Southward, in several places, red-colored sands occur on the beach (fig. 65). They usually are prevalent in the vicinity of the trail near small drainages or seeps that flow onto the beach from the bluff. The red coloring of these sands is caused by concentrations of tiny crystals of the relatively heavy red mineral GARNET. Black sand grains of the iron-rich mineral MAGNETITE are frequently found associated with the red garnet sands because they too are a heavy mineral. These HEAVY MINERALS were originally in the Pleistocene or ice age deposits that cap bedrock in this area. They have since been eroded from the Pleistocene deposits and brought to the beach by streams where, because they are relatively heavy, they have been concentrated along the beach by wave action.

RED BEACH SANDS contain tiny crystals of the relatively heavy material GARNET. They have been eroded by streams from ice age deposits exposed in upper part of the bluffs nearby and concentrated on the beach by wave action (fig. 65).

The massive sandstone stacks and islets of the "Quillayute Needles" lie directly west of Second Beach and therefore are best viewed from this area (fig. 66). Although modern-day "sea-level platforms" are developed along almost all coastal areas, they are particularly well formed at the base of these offshore rocks. The feature is best observed when the tide is low. It appears as a nearly flat surface skirting most rock masses slightly below the high-tide level. Because bedrock is periodically dampened and dried at this level by fluctuating sea level, its surface is weakened and therefore more easily eroded by the wave action than the continuously damp surface below this level. Furthermore, some stacks are even slightly undercut at or just above the level of the platform (fig. 53). At this level the process of erosion is sometimes more effective than all other parts of the rock exposed to subaerial weathering.

"THE QUILLAYUTE NEEDLES," off Second Beach, are massive sandstone erosional remnants of a major Hoh sedimentary rock sequence. Note, most stacks and islets are skirted by a sea-level erosional platform at a height just below the high-tide level (fig. 66).



The Quillayute Needle is perhaps the most spectacularly shaped of all the massive sandstone rocks and islets that lie immediately west of the north end of Second Beach. As the southernmost of the group, its needlelike spine rises some 85 feet above sea level and is no more than 35 feet in diameter at the base (fig. 67). Because the name is so vividily descriptive, the entire group of offshore rocks and islets has informally become known as the "Quillayute Needles" (fig. 66).

THE QUILLAYUTE NEEDLE, a sandstone spinelike erosional remnant off Second Beach, rises some 85 feet above sea level (fig. 67).

Other terms are recorded as having been applied to some of the islets and places with in the group. Early records (Davidson, 1889) refer to the outermost large islet as HUNTINGTON ISLAND and describe it as ". . . about 180 yards in extent with nearly vertical sides, flat top, and bare . . ." However, the top of the outermost of these large islets is noticeably sloped. The origin of this name may have been from that of C. A. Huntington, an Indian agent at Neah Bay during the 1870's. More recent data (Alcorn and Alcorn, 1976) state that the Quileute people know the largest and "slanted" islet as Dhuo-Yuat-Zach-Tah, meaning BIRD ROCK. Assuming that "slanting" refers to the islet's top, the description best fits what earlier records refer to as Huntington Island.

The term CAKESOSTA is an official place on maps and charts, and according to historians (Powell, Penn, and others, 1972), Kikc'ostal, in the Quileute language refers to CANOE LANDING PLACE. It is not clear if the name is for a general place among the islets or if it possibly refers to the large islet immediately east of Huntington Island or Bird Rock.

The ancient and now-elevated, wave-cut sea-level platform, carved during the Pleistocene Epoch, is also well displayed on several islets off Second Beach by flat top surfaces. The trace of this surface can be seen in many other places along the coast, as on Alexander island, (fig. 37) and along many coastal bluffs. In most of these places, the actual surface is covered with a varying thickness of Pleistocene material. However, the "Quillayute Needles" are essentially bare of such surficial material and the surface viewed here is the actual elevated wave-cut terrace, estimated to have been formed some 125,000 years ago (see Deposits and Processes of the Ice Age, Part I).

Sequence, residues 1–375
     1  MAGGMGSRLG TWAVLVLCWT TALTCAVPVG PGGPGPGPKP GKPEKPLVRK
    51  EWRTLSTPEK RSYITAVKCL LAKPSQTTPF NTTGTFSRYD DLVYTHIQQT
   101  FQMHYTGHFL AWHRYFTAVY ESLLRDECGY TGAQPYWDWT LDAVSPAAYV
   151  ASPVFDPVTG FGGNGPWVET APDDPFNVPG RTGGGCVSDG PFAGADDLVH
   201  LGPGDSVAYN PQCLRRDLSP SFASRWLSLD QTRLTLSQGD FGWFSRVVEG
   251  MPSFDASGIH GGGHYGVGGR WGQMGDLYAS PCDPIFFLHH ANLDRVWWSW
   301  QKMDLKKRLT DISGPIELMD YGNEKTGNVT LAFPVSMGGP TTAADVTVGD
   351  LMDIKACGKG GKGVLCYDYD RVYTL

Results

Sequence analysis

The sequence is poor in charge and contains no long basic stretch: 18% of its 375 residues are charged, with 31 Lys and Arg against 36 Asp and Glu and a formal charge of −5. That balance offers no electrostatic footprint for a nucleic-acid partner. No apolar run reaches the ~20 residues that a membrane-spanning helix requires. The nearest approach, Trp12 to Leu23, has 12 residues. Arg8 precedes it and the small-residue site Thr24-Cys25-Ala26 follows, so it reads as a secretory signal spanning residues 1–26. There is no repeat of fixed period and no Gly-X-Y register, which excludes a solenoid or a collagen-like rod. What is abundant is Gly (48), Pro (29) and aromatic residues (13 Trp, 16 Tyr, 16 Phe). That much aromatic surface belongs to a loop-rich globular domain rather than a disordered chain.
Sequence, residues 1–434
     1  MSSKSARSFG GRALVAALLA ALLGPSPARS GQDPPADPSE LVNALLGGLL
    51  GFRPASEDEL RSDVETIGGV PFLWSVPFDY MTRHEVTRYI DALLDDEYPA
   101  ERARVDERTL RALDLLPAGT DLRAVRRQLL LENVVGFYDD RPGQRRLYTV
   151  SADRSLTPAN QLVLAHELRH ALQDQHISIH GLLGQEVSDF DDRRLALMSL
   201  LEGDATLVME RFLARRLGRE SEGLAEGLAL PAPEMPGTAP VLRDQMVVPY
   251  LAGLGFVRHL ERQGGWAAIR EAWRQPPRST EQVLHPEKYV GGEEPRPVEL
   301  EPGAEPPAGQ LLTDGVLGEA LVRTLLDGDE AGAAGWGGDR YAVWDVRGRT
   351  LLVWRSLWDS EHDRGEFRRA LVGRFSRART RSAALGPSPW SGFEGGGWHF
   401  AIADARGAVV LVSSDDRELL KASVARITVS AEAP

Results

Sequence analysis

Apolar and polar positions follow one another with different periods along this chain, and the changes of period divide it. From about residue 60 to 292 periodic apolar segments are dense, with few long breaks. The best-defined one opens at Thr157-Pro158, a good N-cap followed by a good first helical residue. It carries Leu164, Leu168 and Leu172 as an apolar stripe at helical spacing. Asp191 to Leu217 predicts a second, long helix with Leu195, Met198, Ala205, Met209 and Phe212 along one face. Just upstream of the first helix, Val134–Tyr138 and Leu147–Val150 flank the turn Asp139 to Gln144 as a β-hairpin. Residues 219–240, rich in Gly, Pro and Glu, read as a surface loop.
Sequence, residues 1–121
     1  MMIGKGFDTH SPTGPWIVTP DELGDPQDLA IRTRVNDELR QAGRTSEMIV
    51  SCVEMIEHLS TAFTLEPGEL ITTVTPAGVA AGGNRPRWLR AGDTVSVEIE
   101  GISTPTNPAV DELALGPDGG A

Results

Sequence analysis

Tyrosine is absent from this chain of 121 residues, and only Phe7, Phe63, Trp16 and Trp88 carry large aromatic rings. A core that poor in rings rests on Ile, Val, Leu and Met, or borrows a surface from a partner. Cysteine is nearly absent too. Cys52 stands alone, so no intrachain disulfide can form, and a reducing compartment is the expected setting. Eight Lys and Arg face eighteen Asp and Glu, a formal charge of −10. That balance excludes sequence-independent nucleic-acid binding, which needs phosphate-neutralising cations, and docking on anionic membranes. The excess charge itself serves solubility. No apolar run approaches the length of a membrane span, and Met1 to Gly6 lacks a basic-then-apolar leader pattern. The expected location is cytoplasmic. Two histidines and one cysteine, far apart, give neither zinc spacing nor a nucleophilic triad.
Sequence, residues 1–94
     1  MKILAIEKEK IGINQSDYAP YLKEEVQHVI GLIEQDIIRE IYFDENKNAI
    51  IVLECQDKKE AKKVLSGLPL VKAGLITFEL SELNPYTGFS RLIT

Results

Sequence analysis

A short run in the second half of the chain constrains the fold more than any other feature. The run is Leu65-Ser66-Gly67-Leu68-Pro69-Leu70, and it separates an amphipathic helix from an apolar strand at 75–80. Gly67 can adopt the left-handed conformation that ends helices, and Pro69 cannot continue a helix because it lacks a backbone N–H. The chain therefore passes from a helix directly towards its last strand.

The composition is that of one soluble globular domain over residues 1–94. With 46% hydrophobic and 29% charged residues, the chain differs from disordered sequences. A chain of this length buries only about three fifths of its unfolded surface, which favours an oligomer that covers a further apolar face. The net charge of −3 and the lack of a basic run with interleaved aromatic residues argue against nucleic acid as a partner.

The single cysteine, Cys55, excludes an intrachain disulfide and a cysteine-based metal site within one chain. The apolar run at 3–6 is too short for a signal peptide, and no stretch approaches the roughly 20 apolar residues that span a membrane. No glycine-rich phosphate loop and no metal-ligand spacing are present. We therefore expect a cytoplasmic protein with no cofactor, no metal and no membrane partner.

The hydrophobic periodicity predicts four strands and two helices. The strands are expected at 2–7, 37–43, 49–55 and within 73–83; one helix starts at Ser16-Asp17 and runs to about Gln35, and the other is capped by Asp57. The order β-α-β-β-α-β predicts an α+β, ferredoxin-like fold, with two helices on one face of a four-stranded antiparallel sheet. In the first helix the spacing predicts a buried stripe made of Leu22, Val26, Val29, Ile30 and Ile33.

Although partially covered in places with vegetation, melange rocks are almost continuously exposed southward to the massive sandstone cliffs of Teahwhit Head. The bluffs in the southern part of Second Beach are composed largely of incompetent siltstone blocks rather than blocks of sandstone; thus landslides are particularly prevalent in that area.

The sudden change from bluffs of slumped melange rocks to cliffs of massive sandstone to the south marks the trace of the fault that separates melange rocks of Second Beach from the sedimentary rock sequence of Teahwhit Head, "Quillayute Needles," and Quateata (fig. 25). A major thickness of this sequence is accessible for examination at low tide along the northwest shores of Teahwhit Head (fig. 61). Most of these rocks are highly fractured massive sandstone (fig. 69). Several thin zones of bedded siltstone and sandstone indicate that the sequence is nearly vertical and trending northwest toward the adjacent bay.

JAMES ISLAND, a large near-shore outcrop of massive sandstone with sheer walls and a flat top, once served as a natural fort for the Quileute people (fig. 68).

MASSIVE FRACTURED SANDSTONE forms an erosional remnant on the western shore of Teahwhit Head. Differential erosion has accentuated the fracture pat tern on this outcrop (fig. 69).

Several archlike features have also been eroded in the Teahwhit Head area. Here again, as at Quateata to the north, they are developed along weakened fracture zones in massive sandstone. The first of these to be encountered southward from Second Beach is a tunnel-like passage through a massive sandstone knob (fig. 69) that lies a short distance seaward from the main cliffs. This tunnel may be reached and examined at low tide. A typical arch has also developed on the westernmost accessible point of Teahwhit Head. As Teahwhit Head is very largely massive sandstone and highly fractured, erosion has developed a very irregular headland with fingerlike, knife-edged projections, irregularly shaped reentrances, and elongated nearby offshore stacks. The northwest structural trend of the sedimentary rocks of Teahwhit Head is grossly reflected by several northwest-trending projections and elongate offshore stacks.

<<< Previous <<< Contents >>> Next >>>

Last Updated: 28-Mar-2006